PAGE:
Etymology of Tattoo
The Oxford English Dictionary gives the etymology of tattoo as, “In 18th c. tattaow, tattow. From Polynesian tatau. In Tahitian, tatu.” The word tatau was introduced as a loan word into English; its pronunciation was changed to conform to English phonology as “tattoo”. Sailors on later voyages both introduced the word and reintroduced the concept of tattooing to Europe.
The first written reference to the word, “tattoo” (or Samoan “Tatau”) appears in the journal of Joseph Banks (24 February 1743 – 19 June 1820), the naturalist aboard Captain Cook’s ship the HMS Endeavour: “I shall now mention the way they mark themselves indelibly, each of them is so marked by their humor or disposition”.
The word “tattoo” was brought to Europe by the explorer James Cook, when he returned in 1771 from his first voyage to Tahiti and New Zealand. In his narrative of the voyage, he refers to an operation called “tattaw”. Before this it had been described as scarring, painting, or staining.
Tattoo enthusiasts may refer to tattoos as “ink”, “pieces”, “skin art”, “tattoo art”, “tats”, or “work”; to the creators as “tattoo artists”, “tattooers”, or “tattooists”; and to places where they work as “tattoo shops”, “tattoo studios”, or “tattoo parlors”.
Usage of the terms “skin art”, “tattoo art”, “pieces”, and work” is gaining greater support, with mainstream art galleries holding exhibitions of both conventional and custom tattoo designs. Beyond Skin, at the Museum of Croydon, is an example of this as it challenges the stereotypical view of tattoos and who has them. Copyrighted tattoo designs that are mass-produced and sent to tattoo artists are known as “flash”, a notable instance of industrial design. Flash sheets are prominently displayed in many tattoo parlors for the purpose of providing both inspiration and ready-made tattoo images to customers.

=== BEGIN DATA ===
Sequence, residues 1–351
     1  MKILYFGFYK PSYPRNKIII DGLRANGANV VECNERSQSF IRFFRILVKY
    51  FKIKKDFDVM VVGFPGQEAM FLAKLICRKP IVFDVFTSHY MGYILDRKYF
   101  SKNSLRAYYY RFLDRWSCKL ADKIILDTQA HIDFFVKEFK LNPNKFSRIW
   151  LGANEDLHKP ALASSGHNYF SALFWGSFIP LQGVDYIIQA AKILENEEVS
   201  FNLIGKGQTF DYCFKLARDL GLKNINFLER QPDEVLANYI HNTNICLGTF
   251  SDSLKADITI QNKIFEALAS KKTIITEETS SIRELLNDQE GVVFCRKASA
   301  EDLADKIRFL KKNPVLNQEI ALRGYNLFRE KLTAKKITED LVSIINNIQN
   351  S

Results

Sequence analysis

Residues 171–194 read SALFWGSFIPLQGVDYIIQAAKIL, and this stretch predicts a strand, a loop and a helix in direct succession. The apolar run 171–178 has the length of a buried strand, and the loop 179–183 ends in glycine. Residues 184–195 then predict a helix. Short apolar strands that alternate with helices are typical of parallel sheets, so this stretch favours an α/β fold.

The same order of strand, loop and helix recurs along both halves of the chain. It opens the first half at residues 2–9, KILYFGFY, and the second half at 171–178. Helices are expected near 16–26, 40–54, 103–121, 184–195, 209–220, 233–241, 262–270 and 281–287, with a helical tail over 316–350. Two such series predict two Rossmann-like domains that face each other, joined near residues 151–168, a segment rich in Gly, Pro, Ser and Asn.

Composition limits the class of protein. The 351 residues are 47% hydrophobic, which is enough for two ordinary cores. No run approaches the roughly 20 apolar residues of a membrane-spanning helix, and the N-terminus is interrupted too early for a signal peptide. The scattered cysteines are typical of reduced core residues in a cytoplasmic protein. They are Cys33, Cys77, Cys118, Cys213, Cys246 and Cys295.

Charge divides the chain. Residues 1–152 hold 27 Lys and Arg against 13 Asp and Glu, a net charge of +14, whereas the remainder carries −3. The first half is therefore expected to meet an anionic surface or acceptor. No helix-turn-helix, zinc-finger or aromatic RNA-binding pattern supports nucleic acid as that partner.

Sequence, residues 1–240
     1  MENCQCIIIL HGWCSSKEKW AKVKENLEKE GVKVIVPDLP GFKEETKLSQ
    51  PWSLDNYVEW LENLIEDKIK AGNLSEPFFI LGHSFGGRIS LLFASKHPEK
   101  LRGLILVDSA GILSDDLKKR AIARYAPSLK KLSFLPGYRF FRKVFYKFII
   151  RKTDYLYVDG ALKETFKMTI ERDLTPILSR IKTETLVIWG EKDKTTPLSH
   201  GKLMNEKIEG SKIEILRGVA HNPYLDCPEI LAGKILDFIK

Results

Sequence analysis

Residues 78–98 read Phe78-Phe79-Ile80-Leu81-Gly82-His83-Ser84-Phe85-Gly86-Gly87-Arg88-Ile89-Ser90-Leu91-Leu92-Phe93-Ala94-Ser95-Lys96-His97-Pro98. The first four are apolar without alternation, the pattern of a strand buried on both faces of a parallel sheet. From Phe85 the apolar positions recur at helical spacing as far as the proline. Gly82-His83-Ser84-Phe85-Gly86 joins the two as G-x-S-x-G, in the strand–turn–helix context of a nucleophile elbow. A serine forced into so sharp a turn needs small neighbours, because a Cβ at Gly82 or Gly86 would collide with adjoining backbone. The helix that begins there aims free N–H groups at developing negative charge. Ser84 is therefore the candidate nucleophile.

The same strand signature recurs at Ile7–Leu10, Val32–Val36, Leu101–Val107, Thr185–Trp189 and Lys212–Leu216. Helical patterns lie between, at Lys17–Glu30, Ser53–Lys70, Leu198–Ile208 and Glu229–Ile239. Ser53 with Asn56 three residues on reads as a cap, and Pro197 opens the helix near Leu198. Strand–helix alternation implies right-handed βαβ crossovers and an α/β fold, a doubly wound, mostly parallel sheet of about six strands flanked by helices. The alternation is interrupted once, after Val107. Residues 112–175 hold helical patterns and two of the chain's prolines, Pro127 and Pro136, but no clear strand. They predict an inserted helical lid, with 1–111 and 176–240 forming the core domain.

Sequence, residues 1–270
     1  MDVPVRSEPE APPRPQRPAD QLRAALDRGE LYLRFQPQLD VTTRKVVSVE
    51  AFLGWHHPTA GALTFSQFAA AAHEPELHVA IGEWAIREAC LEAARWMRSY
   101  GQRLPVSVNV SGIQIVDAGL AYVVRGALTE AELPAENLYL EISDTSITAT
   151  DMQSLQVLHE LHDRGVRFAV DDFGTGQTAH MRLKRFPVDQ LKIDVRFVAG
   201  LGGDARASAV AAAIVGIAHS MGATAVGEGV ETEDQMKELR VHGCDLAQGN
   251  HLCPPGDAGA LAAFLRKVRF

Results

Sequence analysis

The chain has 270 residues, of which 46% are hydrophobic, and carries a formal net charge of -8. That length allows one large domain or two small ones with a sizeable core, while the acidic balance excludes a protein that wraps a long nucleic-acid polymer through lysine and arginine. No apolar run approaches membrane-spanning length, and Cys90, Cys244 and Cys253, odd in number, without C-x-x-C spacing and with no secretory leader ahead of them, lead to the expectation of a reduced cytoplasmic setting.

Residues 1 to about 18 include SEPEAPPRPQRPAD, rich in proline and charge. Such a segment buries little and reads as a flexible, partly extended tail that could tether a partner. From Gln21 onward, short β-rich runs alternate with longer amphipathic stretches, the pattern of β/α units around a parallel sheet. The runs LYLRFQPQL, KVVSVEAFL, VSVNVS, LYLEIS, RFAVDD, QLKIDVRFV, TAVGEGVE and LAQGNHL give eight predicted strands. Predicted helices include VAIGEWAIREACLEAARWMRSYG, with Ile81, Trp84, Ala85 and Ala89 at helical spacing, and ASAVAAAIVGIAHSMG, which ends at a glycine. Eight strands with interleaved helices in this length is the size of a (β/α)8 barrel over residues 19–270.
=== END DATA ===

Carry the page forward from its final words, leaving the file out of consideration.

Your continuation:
The Japanese word irezumi means “insertion of ink” and can mean tattoos using tebori, the traditional Japanese hand method, a Western-style machine, or for that matter, any method of tattooing using insertion of ink. The most common word used for traditional Japanese tattoo designs is Horimono. Japanese may use the word “tattoo” to mean non-Japanese styles of tattooing.
Anthropologist Ling Roth in 1900 described four methods of skin marking and suggested they be differentiated under the names “tatu”, “moko”, “cicatrix”, and “keloid”.
Because it requires breaking the skin barrier tattooing carries health risks including infection and allergic reactions. Modern tattooists reduce risks by following universal precautions working with single-use items and sterilizing their equipment after each use. Many jurisdictions require that tattooists have blood-borne pathogen training such as that provided through the Red Cross and OSHA. As of 2009 (in the United States) there have been no reported cases of HIV contracted tattoos.
In amateur tattooing, such as that practiced in prisons, however, there is an elevated risk of infection. Infections that can theoretically be transmitted by the use of unsterilized tattoo equipment or contaminated ink include surface infections of the skin, fungal infections, some forms of hepatitis, herpes simplex virus, HIV, staph, tetanus, and tuberculosis.
Tattoo inks have been described as “remarkably nonreactive histologically”. However, cases of allergic reactions to tattoo inks, particularly certain colors, have been medically documented. This is sometimes due to the presence of nickel in an ink pigment, which triggers a common metal allergy. Occasionally, when a blood vessel is punctured during the tattooing procedure, a bruise/hematoma may appear.
For more health risks go:
Tattoo Medical Issues